Category Archives: General paediatrics

Laryngomalacia

Intermittent squeaky inspiratory noise from collapsing larynx during respiration. Usually from birth.

Often worse when lying on back, or with colds, or with reflux (vomits).  Worse if hypognathia eg Pierre-Robin sequence.

Clinical diagnosis usually. Settles in first few months of life.

Will need intervention if significantly increased work of breathing, cyanosis or apnoeas, or growth failure.

Juvenile xanthogranuloma

Well circumscribed, raised yellow/brown firm papule or nodule, typically solitary. Can be congenital but otherwise typically very young boys, head and neck area, asymptomatic.

Can affect the iris – presents with a red eye…

Can ulcerate, otherwise they tend to atrophy and disappear after 3-6 years.

Seen in 10% of Neurofibromatosis type 1.

Can rarely be multiple and internal (liver, bone marrow etc). Screening of asymptomatic cases probably only justified if multiple.

Differential – mastocytoma, Langerhans histiocytosis, molluscum.

Variceal bleeding

Due to portal hypertension from chronic liver disease.

Potential for large losses – may need local major haemorrhage protocol (FFP, platelets etc) – typically if blood loss >150mls/min, or else 20% blood volume loss in <1 hour (normal blood volume is 80ml/kg).

In adults, they try not to transfuse above 80 – thought that excessive transfusion may increase bleeding.

Terlipressin preferred to octreotide – from age 12. IV injection every 4 hours. No evidence for Tranexamic acid!

NG tube may cause more trauma…

In adults, Glasgow-Blatchford score used. Authors are Oliver and Mary Blatchford (couple?) – he was actually in Paisley at the time…

Social determinants of health

David Gordon of International Poverty Research centre at Bristol has parody of Chief Medical Officer’s top ten tips for health – Number 1 is “don’t be poor”.

1Don’t smoke. If you can, stop. If you can’t, cut down.Don’t be poor. If you are poor, try not to be poor for too long.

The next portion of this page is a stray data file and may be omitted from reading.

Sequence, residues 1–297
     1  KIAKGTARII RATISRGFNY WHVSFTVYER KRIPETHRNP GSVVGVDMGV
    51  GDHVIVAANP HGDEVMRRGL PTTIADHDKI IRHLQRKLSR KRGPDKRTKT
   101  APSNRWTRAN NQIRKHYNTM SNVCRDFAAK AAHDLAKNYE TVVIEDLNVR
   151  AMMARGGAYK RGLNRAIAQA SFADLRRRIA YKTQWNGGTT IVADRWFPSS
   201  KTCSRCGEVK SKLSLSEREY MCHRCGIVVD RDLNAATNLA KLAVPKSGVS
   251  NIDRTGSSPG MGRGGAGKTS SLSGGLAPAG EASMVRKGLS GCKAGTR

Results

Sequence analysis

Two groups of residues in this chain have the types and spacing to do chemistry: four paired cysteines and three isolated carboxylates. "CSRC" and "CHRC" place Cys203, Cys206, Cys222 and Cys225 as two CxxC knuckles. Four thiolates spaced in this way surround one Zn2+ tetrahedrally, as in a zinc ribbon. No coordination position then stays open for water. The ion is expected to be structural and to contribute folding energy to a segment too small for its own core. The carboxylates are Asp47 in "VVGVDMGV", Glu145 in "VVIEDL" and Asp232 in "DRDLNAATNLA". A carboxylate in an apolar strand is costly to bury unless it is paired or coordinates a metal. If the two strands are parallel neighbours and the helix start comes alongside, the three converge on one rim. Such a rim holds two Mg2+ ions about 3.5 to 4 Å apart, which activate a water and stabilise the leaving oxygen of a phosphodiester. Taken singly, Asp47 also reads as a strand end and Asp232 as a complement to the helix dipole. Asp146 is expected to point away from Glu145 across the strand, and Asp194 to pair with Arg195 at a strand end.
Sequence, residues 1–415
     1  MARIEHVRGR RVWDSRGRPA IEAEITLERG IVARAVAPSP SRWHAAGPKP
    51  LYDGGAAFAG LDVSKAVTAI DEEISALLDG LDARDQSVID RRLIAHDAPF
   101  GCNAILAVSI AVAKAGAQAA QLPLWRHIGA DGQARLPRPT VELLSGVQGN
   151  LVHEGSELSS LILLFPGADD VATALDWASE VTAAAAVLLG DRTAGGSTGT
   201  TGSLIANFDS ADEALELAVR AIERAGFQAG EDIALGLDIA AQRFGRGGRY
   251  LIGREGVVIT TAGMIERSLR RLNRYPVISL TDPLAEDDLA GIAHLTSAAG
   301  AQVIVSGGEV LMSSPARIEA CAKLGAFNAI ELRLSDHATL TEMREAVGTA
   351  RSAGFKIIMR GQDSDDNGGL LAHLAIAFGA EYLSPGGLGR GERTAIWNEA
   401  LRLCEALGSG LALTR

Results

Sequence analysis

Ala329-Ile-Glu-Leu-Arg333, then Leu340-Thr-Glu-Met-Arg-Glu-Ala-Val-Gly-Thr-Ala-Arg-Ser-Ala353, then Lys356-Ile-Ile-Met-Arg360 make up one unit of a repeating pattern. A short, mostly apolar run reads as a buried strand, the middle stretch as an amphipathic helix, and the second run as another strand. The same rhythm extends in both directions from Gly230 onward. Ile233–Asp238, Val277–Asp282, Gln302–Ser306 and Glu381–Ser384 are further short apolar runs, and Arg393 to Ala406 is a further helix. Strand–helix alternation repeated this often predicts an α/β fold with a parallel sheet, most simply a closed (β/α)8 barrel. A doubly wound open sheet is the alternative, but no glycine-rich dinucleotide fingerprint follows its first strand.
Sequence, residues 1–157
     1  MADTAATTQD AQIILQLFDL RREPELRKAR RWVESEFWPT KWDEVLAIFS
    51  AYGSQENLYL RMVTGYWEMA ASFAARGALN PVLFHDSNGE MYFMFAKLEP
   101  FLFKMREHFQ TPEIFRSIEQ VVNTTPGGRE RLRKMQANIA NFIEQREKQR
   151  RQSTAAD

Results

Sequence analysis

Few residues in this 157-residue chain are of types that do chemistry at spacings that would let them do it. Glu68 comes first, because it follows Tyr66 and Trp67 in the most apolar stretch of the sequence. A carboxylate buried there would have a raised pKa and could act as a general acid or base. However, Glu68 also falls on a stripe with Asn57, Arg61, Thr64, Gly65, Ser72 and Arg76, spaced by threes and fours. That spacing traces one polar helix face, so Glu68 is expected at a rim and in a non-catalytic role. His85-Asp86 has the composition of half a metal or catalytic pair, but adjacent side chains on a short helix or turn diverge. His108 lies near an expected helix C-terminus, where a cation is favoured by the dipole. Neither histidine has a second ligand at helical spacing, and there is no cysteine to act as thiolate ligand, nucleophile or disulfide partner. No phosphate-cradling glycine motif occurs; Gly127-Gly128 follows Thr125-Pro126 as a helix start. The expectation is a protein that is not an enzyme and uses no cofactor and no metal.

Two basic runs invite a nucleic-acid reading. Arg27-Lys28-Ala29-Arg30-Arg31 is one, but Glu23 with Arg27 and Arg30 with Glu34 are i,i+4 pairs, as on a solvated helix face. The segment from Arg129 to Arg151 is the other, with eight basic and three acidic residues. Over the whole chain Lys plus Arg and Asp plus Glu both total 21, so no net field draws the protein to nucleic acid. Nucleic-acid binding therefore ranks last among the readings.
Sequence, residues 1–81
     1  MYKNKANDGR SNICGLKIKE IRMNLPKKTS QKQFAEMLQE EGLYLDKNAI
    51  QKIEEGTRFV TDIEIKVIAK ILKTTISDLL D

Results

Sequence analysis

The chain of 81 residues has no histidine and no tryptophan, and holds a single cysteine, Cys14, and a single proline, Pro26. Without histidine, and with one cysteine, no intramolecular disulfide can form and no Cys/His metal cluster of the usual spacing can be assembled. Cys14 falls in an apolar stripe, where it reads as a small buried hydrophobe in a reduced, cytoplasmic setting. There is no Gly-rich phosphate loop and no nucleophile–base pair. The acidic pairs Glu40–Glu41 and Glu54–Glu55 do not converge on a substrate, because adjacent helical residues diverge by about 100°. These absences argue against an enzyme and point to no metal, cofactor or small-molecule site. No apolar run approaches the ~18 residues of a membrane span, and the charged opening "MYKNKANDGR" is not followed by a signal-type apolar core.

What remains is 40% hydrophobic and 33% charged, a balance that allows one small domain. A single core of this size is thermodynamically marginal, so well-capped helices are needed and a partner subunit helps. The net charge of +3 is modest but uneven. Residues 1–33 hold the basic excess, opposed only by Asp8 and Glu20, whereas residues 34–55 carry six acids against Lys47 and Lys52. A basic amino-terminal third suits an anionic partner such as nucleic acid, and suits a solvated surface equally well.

2Follow a balanced diet with plenty of fruit and vegetables.Don’t live in a deprived area. If you do, move.
3Keep physically activeDon’t be disabled or have a disabled child.
4Manage stress by, for example, talking things through and making time to relax.Don’t work in a stressful low-paid manual job.
5If you drink alcohol, do so in moderation.Don’t live in damp, low quality housing or be homeless.
6Cover up in the sun, and protect children from sunburn.Be able to afford to pay for social activities and annual holidays.
7Practise safer sex.Don’t be a lone parent.
8Take up cancer screening opportunities.Claim all benefits to which you are entitled.
9Be safe on the roads: follow the Highway Code.Be able to afford to own a car.
10Learn the First Aid ABC: airways, breathing and circulation.Use education as an opportunity to improve your socio-economic position.

Pyrexia of Unknown Origin

A technical term, not just a fever without obvious source! Essentially presence of confirmed fever for 8 days or more in a child in whom a careful thorough history and physical examination, and preliminary laboratory data fail to reveal a probable cause.

Long list of possible causes, long lists of possible tests – do thorough history and repeated examinations, then follow the clues!

In kids, infection is the commonest cause. But can be connective tissue disorder, or malignancy.

Beware factitious fever – admission sensible.

If possible, stop all drugs. Antipyretics may obscure the pattern of fever, and can occasionally be its cause (drug fever is one cause).

Unless the child is critically ill, try not to give antibiotics. If the diagnosis remains obscure, go back and take the history again, examine the child (fully) again, send the specimens again!

Special points in history/examination

  • Travel – malaria can present 6-12 months later. Typhoid.
  • Ethnicity – tuberculosis
  • Outdoor activities – rats/ticks as vectors of infectious diseases
  • Animal contact – cows/sheep (brucellosis), cats (cat scratch)
  • Mouth ulcers (IBD, Behcets, PFAPA)
  • Periodicity – see Periodic fever
  • Sinus tenderness, nasal congestion (sinusitis)
  • Bone/spine tenderness – discitis, vertebral osteomyelitis

Tests

  • 3 sets of blood cultures, different sites, different times (at least a few hours apart), off antibiotics – standard for endocarditis
  • ASOT
  • EBV, CMV
  • LDH, CK
  • ANA/RF
  • Urine/stool culture
  • Swab everything!

Stroke in children

Rare but happens.

Differential: